Our Living Culture

Discover the most significant collection of Māori rock art drawings in the world at the interactive Te Ana Māori Rock Art Centre. Your senses will delight in the sights and sounds of the culture embodied by this ancient art form.

Experience the terrifying attack of Pouākai, the world’s largest eagle which roamed the skies more than 500 years ago and learn about the seasonal journeys of our ancestors as your Ngāi Tahu guide shares stories and insights that bring this ancient art form to life.

Be inspired to protect this fragile aspect of our national heritage and understand why we treasure this legacy today.

Included in your tour:

  • A one hour guided visit to Te Ana Māori Rock Centre

Need to know!

  • Tour is indoors in a low light environment
  • Tour commentary is in English
  • Te Ana Māori Rock Art Centre is accessible for wheelchairs

Booking information

  • Tours operate regularly between 10am and 3pm. The 2pm tour links with ‘Our Living Landscape’.
  • Tours are perfect for families and small groups.
  • Prior booking is essential to avoid missing out on your preferred date and time.
  • Tour length is approximate – if you have specific time constraints please let us know.
  • Prices are in New Zealand dollars and include all taxes.
  • Te Ana Māori Rock Art is closed on 25-26 December.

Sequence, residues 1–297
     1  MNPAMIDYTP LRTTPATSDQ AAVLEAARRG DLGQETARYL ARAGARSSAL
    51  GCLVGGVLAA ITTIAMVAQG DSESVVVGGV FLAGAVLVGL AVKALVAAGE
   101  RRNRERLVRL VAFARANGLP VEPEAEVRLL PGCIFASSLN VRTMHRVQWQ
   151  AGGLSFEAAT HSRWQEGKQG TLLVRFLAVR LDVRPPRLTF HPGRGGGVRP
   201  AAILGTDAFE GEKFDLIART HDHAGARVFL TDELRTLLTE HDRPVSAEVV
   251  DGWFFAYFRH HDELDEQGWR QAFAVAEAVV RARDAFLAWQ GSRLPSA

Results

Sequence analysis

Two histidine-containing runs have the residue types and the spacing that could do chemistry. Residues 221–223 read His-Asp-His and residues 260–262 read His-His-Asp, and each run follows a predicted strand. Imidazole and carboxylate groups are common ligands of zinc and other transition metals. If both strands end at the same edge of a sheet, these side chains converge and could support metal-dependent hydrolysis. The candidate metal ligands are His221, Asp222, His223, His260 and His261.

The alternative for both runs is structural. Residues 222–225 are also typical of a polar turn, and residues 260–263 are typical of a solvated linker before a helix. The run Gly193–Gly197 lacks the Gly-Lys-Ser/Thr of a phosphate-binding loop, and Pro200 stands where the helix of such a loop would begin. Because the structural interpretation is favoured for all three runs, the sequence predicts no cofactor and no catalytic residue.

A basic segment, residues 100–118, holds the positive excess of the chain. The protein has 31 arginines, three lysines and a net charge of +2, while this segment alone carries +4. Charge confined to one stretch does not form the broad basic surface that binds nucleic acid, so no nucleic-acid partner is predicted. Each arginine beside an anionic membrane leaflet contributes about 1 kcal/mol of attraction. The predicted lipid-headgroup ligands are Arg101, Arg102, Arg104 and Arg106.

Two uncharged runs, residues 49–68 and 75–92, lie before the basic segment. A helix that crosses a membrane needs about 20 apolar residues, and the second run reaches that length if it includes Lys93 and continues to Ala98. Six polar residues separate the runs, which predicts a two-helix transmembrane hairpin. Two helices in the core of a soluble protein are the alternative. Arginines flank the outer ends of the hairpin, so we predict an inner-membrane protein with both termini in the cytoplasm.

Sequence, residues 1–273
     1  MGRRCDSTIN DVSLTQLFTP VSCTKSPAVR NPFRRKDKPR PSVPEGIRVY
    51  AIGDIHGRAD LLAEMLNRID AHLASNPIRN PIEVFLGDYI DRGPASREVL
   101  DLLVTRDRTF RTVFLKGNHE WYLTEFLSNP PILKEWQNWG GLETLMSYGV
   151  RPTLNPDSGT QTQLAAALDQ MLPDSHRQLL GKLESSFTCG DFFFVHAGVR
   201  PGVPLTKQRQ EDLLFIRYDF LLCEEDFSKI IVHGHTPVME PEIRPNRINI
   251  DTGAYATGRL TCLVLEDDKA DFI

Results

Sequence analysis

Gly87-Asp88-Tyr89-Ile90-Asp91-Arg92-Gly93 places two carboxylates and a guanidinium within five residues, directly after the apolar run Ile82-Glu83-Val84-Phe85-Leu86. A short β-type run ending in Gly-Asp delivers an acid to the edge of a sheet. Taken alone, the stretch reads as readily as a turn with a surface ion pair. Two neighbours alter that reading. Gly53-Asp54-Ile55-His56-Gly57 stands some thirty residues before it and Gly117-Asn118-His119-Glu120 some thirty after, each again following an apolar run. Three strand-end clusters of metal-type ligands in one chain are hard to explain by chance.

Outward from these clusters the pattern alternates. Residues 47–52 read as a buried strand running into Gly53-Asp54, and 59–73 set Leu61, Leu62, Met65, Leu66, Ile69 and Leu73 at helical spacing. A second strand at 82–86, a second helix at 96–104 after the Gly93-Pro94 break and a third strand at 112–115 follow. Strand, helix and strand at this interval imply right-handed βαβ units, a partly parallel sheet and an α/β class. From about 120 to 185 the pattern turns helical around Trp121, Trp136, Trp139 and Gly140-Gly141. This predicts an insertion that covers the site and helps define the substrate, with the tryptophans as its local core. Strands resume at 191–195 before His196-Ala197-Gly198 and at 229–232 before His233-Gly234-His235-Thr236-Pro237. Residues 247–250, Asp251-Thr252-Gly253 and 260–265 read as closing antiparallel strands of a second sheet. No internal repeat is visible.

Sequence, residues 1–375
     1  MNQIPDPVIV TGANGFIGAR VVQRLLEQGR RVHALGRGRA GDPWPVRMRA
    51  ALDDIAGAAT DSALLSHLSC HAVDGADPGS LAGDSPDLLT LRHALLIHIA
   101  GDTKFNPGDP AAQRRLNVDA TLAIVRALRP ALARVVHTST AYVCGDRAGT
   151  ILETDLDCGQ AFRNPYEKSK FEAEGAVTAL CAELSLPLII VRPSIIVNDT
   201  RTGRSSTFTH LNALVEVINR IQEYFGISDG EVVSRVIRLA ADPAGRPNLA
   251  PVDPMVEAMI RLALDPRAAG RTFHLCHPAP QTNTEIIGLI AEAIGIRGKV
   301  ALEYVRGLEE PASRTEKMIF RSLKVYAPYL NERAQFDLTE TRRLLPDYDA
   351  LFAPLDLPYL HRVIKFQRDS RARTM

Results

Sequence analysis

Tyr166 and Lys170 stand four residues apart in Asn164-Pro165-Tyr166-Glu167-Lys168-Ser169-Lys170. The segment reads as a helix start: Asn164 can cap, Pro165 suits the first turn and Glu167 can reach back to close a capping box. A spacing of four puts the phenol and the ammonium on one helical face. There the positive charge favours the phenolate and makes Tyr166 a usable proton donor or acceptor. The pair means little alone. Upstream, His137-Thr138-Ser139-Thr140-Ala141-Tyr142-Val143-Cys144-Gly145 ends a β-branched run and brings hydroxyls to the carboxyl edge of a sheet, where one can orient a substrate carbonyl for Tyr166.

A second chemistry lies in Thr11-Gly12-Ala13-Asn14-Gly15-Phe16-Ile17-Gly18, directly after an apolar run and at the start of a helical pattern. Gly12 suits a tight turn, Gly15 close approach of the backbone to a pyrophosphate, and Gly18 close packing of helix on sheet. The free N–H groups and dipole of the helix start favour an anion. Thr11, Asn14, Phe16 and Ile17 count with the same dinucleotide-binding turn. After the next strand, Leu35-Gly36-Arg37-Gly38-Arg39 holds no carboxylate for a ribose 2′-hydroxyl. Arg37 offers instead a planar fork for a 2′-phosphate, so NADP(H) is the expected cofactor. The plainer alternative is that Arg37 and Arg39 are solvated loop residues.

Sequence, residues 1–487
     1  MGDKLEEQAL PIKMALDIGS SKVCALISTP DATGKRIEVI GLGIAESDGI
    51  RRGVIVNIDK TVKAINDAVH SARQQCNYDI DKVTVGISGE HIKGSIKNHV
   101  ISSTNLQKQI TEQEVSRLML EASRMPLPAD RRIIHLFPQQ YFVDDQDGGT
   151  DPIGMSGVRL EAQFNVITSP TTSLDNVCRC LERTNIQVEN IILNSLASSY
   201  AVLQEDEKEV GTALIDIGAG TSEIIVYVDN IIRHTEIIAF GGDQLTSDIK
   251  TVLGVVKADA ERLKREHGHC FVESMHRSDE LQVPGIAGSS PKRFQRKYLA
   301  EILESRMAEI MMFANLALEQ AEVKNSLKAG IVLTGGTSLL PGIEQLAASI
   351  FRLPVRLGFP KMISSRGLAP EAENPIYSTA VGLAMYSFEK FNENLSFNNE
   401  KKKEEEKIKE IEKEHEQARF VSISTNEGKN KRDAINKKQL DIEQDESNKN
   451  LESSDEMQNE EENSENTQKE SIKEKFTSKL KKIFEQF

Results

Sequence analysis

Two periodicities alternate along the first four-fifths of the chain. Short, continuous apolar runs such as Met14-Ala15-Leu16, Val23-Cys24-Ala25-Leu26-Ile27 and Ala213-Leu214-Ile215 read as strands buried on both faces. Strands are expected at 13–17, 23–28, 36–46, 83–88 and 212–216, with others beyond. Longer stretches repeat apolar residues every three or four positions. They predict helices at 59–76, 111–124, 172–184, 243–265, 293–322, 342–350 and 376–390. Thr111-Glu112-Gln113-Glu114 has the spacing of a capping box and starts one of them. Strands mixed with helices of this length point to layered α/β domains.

Meet your guides

The Ngāi Tahu Māori Rock Art Trust
The Ngāi Tahu Māori Rock Art Trust

The Ngāi Tahu Māori Rock Art Trust was established in 2002 to support Rūnanga (Māori Regional Councils) and their communities to care for and interpret their Māori Rock Art heritage. Through a dedicated team of specialist staff it provides leadership in the education, conservation, and management of rock art throughout the Ngāi Tahu takiwā.

The Trust also manages the South Island Māori Rock Art Project (SIMRAP), a tribal initiative containing the largest and most complete archive of Southern Māori rock art images in the world, and the Te Ana Māori Rock Art visitor centre and tours.

“Our visitors appreciate being able to learn the stories of Māori rock art from the descendants of the people who created the art. We love giving them a tangible connection with the first people of this landscape through Māori rock art.”